Embodying this theme throughout the novel is the literal person of Jesus Christ. To call Mary-Margaret a Christian mystic would be not only an understatement but an egregious misrepresentation. She does not just see and speak to Jesus; she interacts with Him on a profoundly personal level. She hugs Him, laughs with Him, and stares into His eyes, awestruck, even lovestruck, with overflowing affection for her Lord. “I sighed and put my arms back around him. ‘I love you.’ And I laid my head against his chest this time, heard his sacred heart, real flesh and blood, beating in time with the universe, and I heard how much he loved me too” (98).

Far from the spiritual, intangible figure He is often made out to be, Jesus instead becomes a real character, a real person. He is not a figment of Mary-Margaret’s imagination; He is her confidant, her best friend, her fiancée. As she explains over and over again to the skeptical Jude, taking her vows as a religious sister does not mean she foregoes marriage but “gets married to Jesus” instead (87). Jude’s one-word response to this mystical explanation might mirror that of many contemporary Christians: “Semantics.” But as readers will realize after spending some time with Mary-Margaret and her friend Jesus, sometimes what sounds the strangest actually feels very natural.

To communicate the extent of Mary-Margaret’s mystical encounters with Jesus, the author inserts frequent self-doubts—thoughts that amount to “people would have me committed if they knew I was talking to Jesus like this.” But the mystical apparitions of Jesus are presented in such a way that when Mary-Margaret questions her own sanity, the reader is likely to disagree with this self-diagnosis. Still, it would be easy for such a casual Jesus character to feel imaginary, or even sacrilegious. The mystical elements of Mary-Margaret’s relationship with Jesus are only made so accessible (and irresistible) by the author’s talent for making them seem like just another part of the story.

Perhaps there is a new trend in Christian fiction to explore the previously “untouchable” reality of God as a Person. Compare Samson’s work to William P. Young’s The Shack and his imaginative portrayals of the Father, Son and Holy Spirit, each with a specific ethnicity, gender, and personality, all for the purpose of moving the reader’s concept of God from “the man upstairs” to a real, living, breathing person. Both novelists are onto something important. Jesus has been described as fully human and fully divine.   And if “the Word became flesh” in order to dwell among us, to love us and connect with us in a way that our holy Heavenly Father could not, why don’t we spend more time exploring and expounding on this truth? Why don’t more novels include Jesus as just another character, having conversations, sharing meals, giving hugs, dwelling among His children, just as He did when He walked the roads of ancient Galilee?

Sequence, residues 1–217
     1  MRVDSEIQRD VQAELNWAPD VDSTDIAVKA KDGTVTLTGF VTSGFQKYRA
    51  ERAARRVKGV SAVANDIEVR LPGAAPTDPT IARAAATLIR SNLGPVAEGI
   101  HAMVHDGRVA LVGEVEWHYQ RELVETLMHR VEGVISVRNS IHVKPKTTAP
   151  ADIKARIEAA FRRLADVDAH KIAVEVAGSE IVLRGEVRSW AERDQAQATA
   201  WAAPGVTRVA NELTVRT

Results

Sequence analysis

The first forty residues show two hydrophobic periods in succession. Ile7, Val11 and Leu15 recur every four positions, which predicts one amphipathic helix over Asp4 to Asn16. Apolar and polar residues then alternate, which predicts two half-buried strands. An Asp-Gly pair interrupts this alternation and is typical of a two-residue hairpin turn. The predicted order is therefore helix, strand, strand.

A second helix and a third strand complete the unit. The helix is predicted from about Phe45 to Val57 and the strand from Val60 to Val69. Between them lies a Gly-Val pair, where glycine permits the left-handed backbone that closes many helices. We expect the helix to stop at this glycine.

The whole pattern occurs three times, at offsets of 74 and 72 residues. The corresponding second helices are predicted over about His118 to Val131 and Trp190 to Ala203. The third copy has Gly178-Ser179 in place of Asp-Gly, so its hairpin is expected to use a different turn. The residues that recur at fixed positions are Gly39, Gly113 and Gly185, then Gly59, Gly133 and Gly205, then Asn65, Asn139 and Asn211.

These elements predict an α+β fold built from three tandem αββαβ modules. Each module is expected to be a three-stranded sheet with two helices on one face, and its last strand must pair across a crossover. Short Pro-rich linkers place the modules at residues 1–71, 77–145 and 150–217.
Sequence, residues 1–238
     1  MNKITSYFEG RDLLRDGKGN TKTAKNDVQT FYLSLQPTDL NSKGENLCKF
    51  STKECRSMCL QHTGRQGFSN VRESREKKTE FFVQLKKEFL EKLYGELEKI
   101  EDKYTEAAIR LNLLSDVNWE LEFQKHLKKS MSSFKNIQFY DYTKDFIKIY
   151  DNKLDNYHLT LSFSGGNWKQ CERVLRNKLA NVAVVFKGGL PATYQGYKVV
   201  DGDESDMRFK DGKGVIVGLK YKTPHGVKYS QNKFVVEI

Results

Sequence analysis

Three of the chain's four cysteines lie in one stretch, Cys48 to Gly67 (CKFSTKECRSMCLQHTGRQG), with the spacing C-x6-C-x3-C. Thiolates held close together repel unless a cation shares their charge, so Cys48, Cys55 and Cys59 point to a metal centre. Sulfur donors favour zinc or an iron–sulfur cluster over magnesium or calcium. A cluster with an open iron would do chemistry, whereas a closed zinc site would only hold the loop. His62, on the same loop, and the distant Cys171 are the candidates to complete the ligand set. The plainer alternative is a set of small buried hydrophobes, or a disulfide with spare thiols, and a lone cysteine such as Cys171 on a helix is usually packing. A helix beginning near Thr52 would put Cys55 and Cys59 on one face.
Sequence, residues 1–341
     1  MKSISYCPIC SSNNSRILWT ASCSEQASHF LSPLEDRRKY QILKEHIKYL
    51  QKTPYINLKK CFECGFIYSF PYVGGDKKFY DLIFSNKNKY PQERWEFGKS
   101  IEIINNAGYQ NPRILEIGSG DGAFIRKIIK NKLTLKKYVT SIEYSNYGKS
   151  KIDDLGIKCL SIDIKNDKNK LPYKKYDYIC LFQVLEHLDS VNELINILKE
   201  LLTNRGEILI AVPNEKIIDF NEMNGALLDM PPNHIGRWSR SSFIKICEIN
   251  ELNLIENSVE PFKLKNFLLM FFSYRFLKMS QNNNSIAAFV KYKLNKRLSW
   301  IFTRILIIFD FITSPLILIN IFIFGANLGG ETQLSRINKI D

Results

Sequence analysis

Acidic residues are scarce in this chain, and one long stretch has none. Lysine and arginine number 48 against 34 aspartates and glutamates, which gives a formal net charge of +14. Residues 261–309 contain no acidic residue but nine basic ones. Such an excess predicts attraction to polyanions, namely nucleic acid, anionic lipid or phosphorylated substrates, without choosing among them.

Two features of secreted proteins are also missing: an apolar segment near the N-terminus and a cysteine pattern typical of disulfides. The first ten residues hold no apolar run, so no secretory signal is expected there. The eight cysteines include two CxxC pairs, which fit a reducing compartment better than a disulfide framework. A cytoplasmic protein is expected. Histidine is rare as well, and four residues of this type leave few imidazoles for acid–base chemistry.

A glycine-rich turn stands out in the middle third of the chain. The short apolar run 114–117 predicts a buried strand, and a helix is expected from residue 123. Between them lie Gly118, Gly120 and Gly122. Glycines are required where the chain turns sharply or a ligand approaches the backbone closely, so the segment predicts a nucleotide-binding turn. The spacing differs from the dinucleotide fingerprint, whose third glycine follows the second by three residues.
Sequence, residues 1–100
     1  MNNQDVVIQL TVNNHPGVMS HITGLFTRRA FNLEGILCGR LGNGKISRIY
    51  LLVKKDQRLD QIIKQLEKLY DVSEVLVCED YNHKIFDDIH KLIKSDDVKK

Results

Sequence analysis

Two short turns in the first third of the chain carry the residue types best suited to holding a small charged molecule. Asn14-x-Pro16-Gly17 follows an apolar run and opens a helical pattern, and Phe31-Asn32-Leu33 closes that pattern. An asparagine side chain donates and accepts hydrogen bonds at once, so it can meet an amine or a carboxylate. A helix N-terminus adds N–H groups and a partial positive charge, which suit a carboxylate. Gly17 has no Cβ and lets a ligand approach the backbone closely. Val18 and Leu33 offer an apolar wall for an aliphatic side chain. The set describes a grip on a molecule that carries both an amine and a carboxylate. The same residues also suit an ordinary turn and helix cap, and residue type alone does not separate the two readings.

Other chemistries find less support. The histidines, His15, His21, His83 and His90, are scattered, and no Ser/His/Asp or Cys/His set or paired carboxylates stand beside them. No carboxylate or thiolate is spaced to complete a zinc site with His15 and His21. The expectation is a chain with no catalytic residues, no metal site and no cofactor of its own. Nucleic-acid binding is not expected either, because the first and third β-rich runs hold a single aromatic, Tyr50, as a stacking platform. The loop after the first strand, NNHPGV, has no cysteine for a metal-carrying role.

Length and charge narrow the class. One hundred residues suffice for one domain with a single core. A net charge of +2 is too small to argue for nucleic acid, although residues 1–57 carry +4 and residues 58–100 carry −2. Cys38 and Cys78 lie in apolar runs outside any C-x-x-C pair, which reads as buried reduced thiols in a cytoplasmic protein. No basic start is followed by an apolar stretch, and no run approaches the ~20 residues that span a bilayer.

As Samson writes in the novel’s opening line, “If I began this tale at the end, you would know my heart is full of love even though nothing went as planned.” Of course, from God’s perspective, everything did go exactly according to plan—the plan of the Creator, not the plans of His creatures. If The Passion of Mary-Margaret has one overriding theme, it is the redemptive power of God’s perfect plan and the reality, as expressed in Romans 8:28, that His grace can convert even the most tragic circumstances into something good.

Brittany Sanders is a free-spirited writer, editor, and poet, freelancing out of Carol Stream, Illinois.

C. Christopher Smith is the founding editor of The Englewood Review of Books. He is also author of a number of books, including most recently How the Body of Christ Talks: Recovering the Practice of Conversation in the Church (Brazos Press, 2019). Connect with him online at: C-Christopher-Smith.com